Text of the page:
So You Want to Talk About Race

So You Want to Talk About Race

Ijeoma Oluo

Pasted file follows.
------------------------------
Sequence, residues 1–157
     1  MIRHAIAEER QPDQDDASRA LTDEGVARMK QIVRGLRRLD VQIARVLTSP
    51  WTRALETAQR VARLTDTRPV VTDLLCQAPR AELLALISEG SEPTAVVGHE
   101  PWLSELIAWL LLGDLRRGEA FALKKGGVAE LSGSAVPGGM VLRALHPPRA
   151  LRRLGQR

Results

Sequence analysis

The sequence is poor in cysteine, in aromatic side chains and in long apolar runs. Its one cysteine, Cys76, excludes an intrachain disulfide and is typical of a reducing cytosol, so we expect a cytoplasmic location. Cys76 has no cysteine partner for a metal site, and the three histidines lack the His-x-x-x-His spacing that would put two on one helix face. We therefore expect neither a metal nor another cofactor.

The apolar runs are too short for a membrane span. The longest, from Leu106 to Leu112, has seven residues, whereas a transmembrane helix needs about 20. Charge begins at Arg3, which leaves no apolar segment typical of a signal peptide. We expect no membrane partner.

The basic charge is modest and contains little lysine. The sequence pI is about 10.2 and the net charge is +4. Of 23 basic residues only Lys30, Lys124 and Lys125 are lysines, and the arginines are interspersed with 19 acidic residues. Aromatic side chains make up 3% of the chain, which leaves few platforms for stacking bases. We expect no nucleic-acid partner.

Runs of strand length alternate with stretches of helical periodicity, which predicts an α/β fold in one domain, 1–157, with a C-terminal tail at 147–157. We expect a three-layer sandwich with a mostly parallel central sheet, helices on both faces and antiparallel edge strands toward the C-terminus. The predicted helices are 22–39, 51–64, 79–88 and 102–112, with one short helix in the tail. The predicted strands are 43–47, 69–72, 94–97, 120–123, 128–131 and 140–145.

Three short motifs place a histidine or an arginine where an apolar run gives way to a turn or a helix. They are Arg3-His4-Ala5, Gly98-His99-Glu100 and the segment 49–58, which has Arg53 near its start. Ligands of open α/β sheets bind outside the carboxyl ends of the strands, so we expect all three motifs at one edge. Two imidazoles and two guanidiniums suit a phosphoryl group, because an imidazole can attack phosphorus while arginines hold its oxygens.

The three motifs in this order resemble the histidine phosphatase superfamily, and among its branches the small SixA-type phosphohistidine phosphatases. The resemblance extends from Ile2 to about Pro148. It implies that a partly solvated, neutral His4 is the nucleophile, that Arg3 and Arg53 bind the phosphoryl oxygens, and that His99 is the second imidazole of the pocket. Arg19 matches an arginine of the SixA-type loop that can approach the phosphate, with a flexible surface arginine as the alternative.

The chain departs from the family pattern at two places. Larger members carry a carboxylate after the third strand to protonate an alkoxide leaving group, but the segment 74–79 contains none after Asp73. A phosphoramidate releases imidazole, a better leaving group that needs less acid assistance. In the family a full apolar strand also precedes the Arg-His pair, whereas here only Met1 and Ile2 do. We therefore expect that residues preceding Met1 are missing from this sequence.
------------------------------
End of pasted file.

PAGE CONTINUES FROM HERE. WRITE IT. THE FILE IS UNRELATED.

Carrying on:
When we look at racism simply as “any racial prejudice,” we are entered into a battle to win over the hearts and minds of everyone we encounter—fighting only the symptoms of the cancerous system, not the cancer itself. This is not only an impossible task, it’s a pretty useless one. Getting my neighbor to love people of color might make it easier to hang around him, but it won’t do anything to combat police brutality, racial income inequality, food deserts, or the prison industrial complex. Further, this approach puts the onus on me, the person being discriminated against, to prove my humanity and worthiness of equality to those who think I’m less than. But so much of what we think and feel about people of other races is dictated by our system, and not our hearts. Who we see as successful, who has access to that success, who we see as scary, what traits we value in society, who we see as “smart” and “beautiful”—these perceptions are determined by our proximity to the cultural values of the majority in power, the economic system of those in power, the education system of those in power, the media outlets of those in power—I could go on, but at no point will you find me laying blame at the feet of one misguided or even hateful white person, saying, “and this is Steve’s fault—core beliefs about black people are all determined by Steve over there who just decided he hates black people all on his own.” Steve is interacting with the system in the way in which it’s designed, and the end result is racial bigotry that supports the continued oppression of people of color. Systemic racism is a machine that runs whether we pull the levers or not, and by just letting it be, we are responsible for what it produces. We have to actually dismantle the machine if we want to make change.

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